Every time I went to my father’s room, that’s exactly how I use to feel. Utterly defeated by life.
If you enter his room, all you will find are bottles of whiskey lying on the shelf. I won’t name the company because that might leave me open for a defamatory lawsuit. And we don’t want an asshole like me to defame the God’s drink, a drink which helps mankind achieve its great potential.
No warning on any bottle has ever said, drinking alcohol makes you an asshole.
People find spirituality for strangest reasons. Alcoholics often end up finding sobriety in God’s name. There are lies that we tell ourselves and then there are truths, which are secrets we don’t speak. To me, God is one lie on which entire humanity exists. I wish I could tell you there is a greater meaning to life, I wish I could tell you we exist for some great reason but none of that can change simple facts, we exist by pure randomness and we were born out of complete chaos.
We need God, we need a meaning because without meaning, we feel life is nothing more than an endless drag, a blip on the timeline of existence. And I believe that’s what raises the need for divinity, a fear of almighty, because if there is no god, why do we exist. That’s one question we don’t want to answer, that’s a thought we don’t want to ponder, we are being of menial existence and these thoughts are so conflicting, we cannot fathom them because they raise a doubt on our existence.
Divinity is something I cannot explain, because for me, divinity still has shadows of human greed. People do lots of things in his name, some are downright degrading to humanity, some are plain stupid, some make sense and some, the one for he really matters, feed the starving, they are the answer for hunger and that’s in his true name. As a species with a conscious mind it’s our responsibility to separate the preachers from the sinners.
We truly are nothing more than some ungrateful children. The day you figure out divinity, let me know, because for me it’s still a mystery. Hindus have issues with Muslims, Christians have issues with Muslims and whatnot. I might get some facts wrong here and there, and I admit it, after all I’m just human not God but does it justifies spilling all the innocent blood in so many holy wars. History is filled with them, wars for the greater cause, wars in name of God. What a big bloated statement, “Wars in name of God.”
“Were you looking for me?” I called out to my father as I entered his room.
“Is that how you are supposed to greet your elders?” My father asked, lying on his bed with a glass and a bottle of whiskey on the table.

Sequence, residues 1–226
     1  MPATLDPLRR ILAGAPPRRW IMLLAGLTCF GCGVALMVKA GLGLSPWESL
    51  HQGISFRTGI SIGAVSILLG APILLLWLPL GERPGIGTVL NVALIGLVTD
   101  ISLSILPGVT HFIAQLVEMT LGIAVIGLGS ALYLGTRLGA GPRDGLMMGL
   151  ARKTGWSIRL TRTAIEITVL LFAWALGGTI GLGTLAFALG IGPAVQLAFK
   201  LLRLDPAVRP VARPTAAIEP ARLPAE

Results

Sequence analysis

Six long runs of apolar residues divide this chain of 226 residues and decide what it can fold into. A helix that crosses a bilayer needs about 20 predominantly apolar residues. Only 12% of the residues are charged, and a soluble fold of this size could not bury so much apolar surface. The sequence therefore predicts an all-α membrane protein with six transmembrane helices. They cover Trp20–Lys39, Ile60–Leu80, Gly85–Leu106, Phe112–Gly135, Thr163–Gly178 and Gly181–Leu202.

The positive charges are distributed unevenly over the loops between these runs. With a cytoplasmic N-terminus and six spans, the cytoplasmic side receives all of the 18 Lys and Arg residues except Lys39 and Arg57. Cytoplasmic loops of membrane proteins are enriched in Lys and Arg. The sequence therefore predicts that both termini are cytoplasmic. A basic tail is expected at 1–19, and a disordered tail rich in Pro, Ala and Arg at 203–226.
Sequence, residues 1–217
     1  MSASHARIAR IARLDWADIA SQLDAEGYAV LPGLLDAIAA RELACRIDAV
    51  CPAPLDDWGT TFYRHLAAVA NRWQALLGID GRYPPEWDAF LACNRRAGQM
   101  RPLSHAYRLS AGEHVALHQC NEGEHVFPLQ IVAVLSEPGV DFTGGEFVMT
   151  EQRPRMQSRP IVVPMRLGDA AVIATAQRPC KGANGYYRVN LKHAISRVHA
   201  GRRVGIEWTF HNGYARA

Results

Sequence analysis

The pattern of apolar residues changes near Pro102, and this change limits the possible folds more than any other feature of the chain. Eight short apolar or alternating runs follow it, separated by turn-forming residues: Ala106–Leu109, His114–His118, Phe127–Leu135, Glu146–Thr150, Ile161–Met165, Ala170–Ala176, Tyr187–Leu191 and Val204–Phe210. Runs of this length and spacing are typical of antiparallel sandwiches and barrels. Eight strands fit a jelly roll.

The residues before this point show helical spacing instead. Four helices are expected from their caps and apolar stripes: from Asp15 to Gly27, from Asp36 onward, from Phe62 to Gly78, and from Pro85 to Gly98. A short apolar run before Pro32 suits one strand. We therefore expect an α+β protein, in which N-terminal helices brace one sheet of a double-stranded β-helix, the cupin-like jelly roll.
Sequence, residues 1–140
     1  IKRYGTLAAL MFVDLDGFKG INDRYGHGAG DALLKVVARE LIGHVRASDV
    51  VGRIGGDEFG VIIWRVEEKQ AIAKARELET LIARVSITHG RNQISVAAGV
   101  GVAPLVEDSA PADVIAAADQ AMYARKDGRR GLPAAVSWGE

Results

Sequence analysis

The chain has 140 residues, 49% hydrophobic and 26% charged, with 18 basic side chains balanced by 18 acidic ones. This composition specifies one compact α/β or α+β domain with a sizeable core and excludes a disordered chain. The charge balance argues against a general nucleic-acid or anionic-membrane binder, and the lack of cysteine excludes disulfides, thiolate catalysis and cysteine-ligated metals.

“Oh, I’m sorry. I didn’t knew we had royalties among us. What do you want father?” I asked, trying to finish the conversation as soon as I possibly could had.
“You can atleast show me some respect, I just don’t know why you hate me so much.”
“Being respected and being feared are not the same thing father. You’ll never understand that and I do not have any need to clarify that for you. After all I’m your son, how could I ever know more than you?”
My silent friend, what makes a great father? You ask hundred different souls that very same question and I bet you, you won’t find the same statement from two of them. We all believe in different ideas, different beliefs and that what makes us who we are. We all have our own identity.
One thing I think that maybe everyone could agree on is the idea of communication, because let’s be honest we all don’t have mind readers, we can never know what the other person is thinking and that’s where it becomes important to communicate, to exactly lay out the bare essentials of your identity. We all hope that the person standing in front of us can read our thoughts, that they can understand every word we want to say without us even saying it. We hope so because we are all afraid to admit to our flaws, we all are scared that the raw truth of our identity will push them away.
The reason we struggle with our kids is not because of the generation gap, no I don’t believe in that idea one bit, it’s because we are not able to communicate with our kids. There’s a reason why kids feel more comfortable with their friends, because they can talk about the same issues, because let’s be honest, most of the issues kids face are pretty much universal, acne, girlfriends, boyfriends, crushes and whatnot.
Our kids aren’t gonna come to us and straight away say, hey dad, I am a little bit curious about sex. Hell, if you’re guy, you aren’t gonna be a little curious about sex, you will be out of your hoops for it. But the point is, we as parents feel freaked out by the question.
We do strange things for the people we love. We lie to them, we lie for them. There may be some bumps along the way, but we never stop wanting the best for them. That’s what makes it such a tough job but kind of the best job in the world. Atleast that’s what I believe.